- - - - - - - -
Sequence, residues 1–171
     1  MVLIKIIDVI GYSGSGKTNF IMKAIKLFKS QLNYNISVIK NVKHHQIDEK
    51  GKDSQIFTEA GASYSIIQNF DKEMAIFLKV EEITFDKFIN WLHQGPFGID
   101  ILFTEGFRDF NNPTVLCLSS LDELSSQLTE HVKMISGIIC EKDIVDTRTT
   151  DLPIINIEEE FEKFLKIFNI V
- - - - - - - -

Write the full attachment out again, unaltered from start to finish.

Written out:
Sequence, residues 1–171
     1  MVLIKIIDVI GYSGSGKTNF IMKAIKLFKS QLNYNISVIK NVKHHQIDEK
    51  GKDSQIFTEA GASYSIIQNF DKEMAIFLKV EEITFDKFIN WLHQGPFGID
   101  ILFTEGFRDF NNPTVLCLSS LDELSSQLTE HVKMISGIIC EKDIVDTRTT
   151  DLPIINIEEE FEKFLKIFNI V